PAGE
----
There have been eyebrows raised about the fact that Hushpuppy and Wink are black, while Zeitlin is white. (The New Yorker's Richard Brody criticized the film, saying that its "love for the characters veers into familiar conventions of magical, mythical blackness.") My bigger problem comes from the fact that Zeitlin treats all his Bathtub characters, whether they're white or black, with the same faintly patronizing affection. The inhabitants of this forgotten community may be poor, but fear not: They're a lively, rambunctious group, high-spirited and blandly lovable. Like Winter's Bone, Beasts wins admirers by not being a thumbsucker about rich white people who have daddy issues. It wants you to know it cares about "real" people and their real problems, which very easily runs the risk of translating into a condescending variation on aren't-the-poor-cool?" fascination.
4. It Confuses Simple Characters for Memorable Ones.
For as much praise as Wallis has received as Hushpuppy—she was only five when she auditioned—her performance is built around natural cuteness and spunk. She's undeniably captivating—you don't feel like she's acting—but the filmmakers never really give her a character to play. She's an adorable innocent, whose banal voiceover musings like "The whole universe depends on everything fitting together just right" are treated as cockeyed wisdom. Reviews have compared it to Terrence Malick's use of a similar device, but I couldn't help but think of Forrest Gump, another naif who hasn't been corrupted by the mean ol' world. Hushpuppy isn't someone we're supposed to look up to—she's a nonthreatening innocent who can teach enlightened liberals important life lessons. Plus, it's a can't-miss critic-proofing move: How can you not absolutely love a movie with a girl this sweet? What are you, a terrible person?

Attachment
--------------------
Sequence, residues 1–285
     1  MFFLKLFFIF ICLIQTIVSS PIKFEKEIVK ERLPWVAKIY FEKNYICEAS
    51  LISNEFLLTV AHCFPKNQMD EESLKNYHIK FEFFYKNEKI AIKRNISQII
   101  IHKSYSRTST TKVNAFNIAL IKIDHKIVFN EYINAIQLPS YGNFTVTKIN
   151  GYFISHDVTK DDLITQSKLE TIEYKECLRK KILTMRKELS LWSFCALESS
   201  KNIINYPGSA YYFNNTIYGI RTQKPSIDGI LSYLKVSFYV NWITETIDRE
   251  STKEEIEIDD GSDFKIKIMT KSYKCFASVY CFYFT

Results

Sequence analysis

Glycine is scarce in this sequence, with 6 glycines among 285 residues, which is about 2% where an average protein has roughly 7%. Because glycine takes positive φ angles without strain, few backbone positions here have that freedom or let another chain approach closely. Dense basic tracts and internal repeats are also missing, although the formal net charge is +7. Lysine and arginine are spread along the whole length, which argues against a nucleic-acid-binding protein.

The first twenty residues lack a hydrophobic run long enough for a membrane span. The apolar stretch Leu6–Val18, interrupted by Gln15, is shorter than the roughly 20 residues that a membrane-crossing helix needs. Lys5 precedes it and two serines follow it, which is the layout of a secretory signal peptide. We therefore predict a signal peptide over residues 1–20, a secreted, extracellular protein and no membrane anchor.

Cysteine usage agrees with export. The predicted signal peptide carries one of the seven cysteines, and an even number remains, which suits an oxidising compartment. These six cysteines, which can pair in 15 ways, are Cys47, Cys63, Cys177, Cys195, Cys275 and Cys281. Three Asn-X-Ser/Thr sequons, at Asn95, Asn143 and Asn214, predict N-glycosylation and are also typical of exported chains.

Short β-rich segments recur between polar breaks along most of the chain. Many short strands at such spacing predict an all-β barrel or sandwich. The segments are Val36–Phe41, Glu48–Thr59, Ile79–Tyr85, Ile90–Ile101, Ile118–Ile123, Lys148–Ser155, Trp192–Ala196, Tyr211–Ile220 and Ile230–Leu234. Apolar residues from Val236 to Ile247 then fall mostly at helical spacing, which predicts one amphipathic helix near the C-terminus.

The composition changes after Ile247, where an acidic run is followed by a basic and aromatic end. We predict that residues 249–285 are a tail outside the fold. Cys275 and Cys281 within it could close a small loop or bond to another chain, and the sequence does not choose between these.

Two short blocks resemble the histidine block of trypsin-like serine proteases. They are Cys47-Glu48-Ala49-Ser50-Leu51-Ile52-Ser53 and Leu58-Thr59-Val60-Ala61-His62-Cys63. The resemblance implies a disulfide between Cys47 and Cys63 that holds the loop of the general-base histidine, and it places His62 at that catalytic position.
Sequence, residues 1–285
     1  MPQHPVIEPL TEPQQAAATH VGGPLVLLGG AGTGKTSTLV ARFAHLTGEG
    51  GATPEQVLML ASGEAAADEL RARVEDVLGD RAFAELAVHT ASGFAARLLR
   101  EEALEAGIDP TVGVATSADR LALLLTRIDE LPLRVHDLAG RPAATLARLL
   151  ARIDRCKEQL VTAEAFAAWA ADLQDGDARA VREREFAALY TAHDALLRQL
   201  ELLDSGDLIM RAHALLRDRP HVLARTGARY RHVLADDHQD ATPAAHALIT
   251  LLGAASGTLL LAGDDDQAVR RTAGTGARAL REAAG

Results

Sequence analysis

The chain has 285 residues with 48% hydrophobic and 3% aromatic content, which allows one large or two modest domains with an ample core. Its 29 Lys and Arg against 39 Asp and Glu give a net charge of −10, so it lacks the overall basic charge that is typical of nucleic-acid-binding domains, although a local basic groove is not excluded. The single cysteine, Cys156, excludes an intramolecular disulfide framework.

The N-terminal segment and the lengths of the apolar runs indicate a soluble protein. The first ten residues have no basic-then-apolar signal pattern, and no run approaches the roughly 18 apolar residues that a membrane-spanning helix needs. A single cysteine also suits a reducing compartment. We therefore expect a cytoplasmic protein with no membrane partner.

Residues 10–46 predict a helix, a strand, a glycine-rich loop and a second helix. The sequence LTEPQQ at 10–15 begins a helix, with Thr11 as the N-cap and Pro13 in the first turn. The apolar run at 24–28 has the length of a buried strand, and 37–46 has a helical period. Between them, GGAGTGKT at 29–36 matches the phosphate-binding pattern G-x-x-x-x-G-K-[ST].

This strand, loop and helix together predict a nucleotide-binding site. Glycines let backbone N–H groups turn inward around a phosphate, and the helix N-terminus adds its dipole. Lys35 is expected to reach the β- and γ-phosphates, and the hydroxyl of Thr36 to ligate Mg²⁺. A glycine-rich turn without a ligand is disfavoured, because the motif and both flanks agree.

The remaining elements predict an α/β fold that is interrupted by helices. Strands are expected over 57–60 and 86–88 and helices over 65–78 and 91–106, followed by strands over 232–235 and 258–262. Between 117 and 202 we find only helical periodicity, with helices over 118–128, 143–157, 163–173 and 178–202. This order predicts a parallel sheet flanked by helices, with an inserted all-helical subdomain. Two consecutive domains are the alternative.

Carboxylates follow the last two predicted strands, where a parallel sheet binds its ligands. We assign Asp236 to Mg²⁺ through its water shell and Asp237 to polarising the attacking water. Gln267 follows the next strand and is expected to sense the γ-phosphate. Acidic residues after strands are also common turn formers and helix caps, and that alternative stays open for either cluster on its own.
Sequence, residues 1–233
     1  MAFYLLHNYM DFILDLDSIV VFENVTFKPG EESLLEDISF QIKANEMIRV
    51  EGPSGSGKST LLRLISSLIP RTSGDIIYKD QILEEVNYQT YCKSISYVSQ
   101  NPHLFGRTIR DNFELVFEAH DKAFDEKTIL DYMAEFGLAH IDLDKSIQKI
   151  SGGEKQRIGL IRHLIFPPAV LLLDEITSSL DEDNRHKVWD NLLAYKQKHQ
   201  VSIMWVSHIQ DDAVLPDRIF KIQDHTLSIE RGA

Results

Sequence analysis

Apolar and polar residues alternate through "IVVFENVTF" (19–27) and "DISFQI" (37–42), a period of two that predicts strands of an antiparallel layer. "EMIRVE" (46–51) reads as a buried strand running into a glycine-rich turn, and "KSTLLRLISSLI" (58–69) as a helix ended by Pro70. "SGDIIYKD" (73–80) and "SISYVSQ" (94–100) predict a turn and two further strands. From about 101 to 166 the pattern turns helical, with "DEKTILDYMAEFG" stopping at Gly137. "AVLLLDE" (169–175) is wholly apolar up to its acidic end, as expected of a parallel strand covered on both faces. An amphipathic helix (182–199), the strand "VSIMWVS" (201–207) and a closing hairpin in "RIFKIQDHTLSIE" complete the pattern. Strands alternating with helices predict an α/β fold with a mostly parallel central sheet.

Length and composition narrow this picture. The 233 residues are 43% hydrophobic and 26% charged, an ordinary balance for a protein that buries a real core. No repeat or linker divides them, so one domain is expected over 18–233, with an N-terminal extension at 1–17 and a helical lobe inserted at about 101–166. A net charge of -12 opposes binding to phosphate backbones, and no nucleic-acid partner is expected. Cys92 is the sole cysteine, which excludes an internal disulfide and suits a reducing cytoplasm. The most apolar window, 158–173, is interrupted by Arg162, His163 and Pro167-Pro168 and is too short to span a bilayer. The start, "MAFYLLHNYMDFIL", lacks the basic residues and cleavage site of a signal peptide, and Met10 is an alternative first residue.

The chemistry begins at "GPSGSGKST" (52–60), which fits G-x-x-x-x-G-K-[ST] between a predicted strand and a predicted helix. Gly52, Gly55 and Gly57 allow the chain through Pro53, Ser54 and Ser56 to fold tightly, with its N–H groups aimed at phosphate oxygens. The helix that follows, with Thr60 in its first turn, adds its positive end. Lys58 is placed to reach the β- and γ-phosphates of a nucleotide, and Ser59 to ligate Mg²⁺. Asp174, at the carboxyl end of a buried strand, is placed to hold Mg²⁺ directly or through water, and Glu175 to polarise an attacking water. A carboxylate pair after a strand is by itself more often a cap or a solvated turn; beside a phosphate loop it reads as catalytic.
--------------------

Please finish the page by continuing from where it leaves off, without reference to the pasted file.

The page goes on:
5. It Touches on Real-Life Events Without Saying Anything About Them.
Zeitlin has lived in New Orleans for a few years now, and he sounds genuinely touched by what he saw after Hurricane Katrina. "It seemed just like Biblical apocalypse," he told Film Comment, "and whether or not that was every individual experience, it was important to me to kind of elevate the story ... to the level of a myth or a folktale. Look, the politics of any event is always incredibly divisive: ‘It was all Bush's fault.' Or: ‘It was the local government.' Black people. White people. None of which actually gets at the real tragedy or the real emotion of the event."
This is fine in principle. Zeitlin didn't have to make some unsparingly bleak documentary. But the movie's pixie-dust tone anesthetizes the real tragedy and real loss of life that occurred after the hurricane struck, putting in its place a nondescript fable about a father and daughter and some wild, mythical beasts roaming the countryside. Beasts tries to have it both ways: The setting evokes emotional memories of post-Katrina Louisiana, while the story avoids saying anything meaningful (or controversial) about class or race or any of the other issues that Katrina stirred up. In this way, Beasts might be the perfect mainstream art-house movie: It acknowledges that things are grave and serious, but makes sure you still get your happy ending. And as an added bonus, you can look down your nose at the people who went to see The Amazing Spider-Man instead.
Grierson & Leitch is a regular column about the movies. Follow us on Twitter, @griersonleitch.